Yet we must go further than his style to find the secret of his hold upon the esteem of his fellow-countrymen. It was his self that conquered, that self which, at the challenge of Charles Kingsley, he laid bare with such honesty and sincerity in his Apologia in 1864. He confessed that he had a strong desire to influence others. He was not a mere interpreter of the truth. He had the passion of an advocate pleading for a verdict. He was conscious of a mission.
As a preacher he won a hearing by the distinctively religious character of his message, which appeals to the higher needs of men, by the passionate intensity of his advocacy, and by the force and grace of his diction, rather than by any skill as an orator.
Dean Church said of Newman’s sermons that “he made them an earnest letter, a call which came home to each hearer, a summons to ascend to the heights of religion.” What he says is the product of a well-stored mind, and of a richly nurtured and sweetly trained character. It is not the technique of the sermon that commands interest and attention; it is the man and the intensity of his message. That is why, in reading his sermons, the first impression is not enough and why they increase in interest by frequent reading.
F. J. A. Hort, in a letter written to his wife on August 24, 1890, at the time of Newman’s death, said, “The force of his sermons comes partly from his own pure and intense devotion, partly from his own marvelous power of reading and analyzing the mixed thoughts and feelings of men but in matters of belief what F. D. Maurice said of him is perfectly true, that he was governed by an infinite scepticism, counteracted by an infinite devoutness.”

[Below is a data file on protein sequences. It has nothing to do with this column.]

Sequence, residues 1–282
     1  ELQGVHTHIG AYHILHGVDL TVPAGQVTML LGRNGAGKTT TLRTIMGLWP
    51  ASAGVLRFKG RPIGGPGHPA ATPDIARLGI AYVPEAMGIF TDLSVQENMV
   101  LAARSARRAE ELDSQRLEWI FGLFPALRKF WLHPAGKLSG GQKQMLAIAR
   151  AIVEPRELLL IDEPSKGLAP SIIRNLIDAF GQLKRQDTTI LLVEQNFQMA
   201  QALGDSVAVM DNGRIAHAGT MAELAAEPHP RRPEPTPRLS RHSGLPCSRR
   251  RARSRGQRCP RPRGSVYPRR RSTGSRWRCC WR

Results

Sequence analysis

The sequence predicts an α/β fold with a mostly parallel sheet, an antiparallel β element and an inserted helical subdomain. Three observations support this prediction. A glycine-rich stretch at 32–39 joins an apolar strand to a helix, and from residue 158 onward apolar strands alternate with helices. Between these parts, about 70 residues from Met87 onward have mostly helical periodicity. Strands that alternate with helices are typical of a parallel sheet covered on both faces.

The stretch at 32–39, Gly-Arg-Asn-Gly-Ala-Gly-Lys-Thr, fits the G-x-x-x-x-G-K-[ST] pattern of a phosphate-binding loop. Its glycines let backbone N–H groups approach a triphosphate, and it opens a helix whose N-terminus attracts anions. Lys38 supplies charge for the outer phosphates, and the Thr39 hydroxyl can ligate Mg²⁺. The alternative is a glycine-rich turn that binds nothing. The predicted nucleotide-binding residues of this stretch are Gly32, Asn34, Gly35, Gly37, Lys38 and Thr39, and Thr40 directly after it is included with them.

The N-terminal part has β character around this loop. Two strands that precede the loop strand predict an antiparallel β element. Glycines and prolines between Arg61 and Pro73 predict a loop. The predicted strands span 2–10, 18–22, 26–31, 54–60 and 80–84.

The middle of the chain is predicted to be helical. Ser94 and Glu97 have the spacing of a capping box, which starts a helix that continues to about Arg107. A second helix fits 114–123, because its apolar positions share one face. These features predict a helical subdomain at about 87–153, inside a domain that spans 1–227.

In G. F. Barbour’s life of Alexander Whyte there is recorded an incident of his student days. Someone was praising the sermons of F. W. Robertson. Pointing to four volumes of Newman’s sermons on his shelves, Whyte said: “These sermons are far more to me than Robertson’s. The poetical-prose expression of Newman is well illustrated in the Parochial Sermons. Always the beautiful passages are bound up intimately with his theological thought. The style is spiritual, penetrating, imaginative, fluent. Each adjective is important in describing its power. Most of the fascination of his style lay in its imaginative feeling and its fluency. Looked at as pure literature they are not far from absolute perfection. The finer and more fastidious your mind is, the more you will enjoy them.”
His sermons were a great factor in the Oxford Movement but they survive because of their humanity, their close knowledge of humanity expressed in faultless English. In the last sentence of his last Oxford sermon on “The Parting of Friends” he begins: “O my brethren, my loving friends, should you know anyone whose lot it has been in some degree to help you, if he has ever told you what you know about yourselves or what you did not know, has read to you your wants and feelings, and comforted you by the very reading.” To the same effect is the motto he later chose for his Cardinal’s shield, Cor ad cor loquitor, “Heart speaks to heart,” — a sentence taken from St. Francis de Sale’s letters.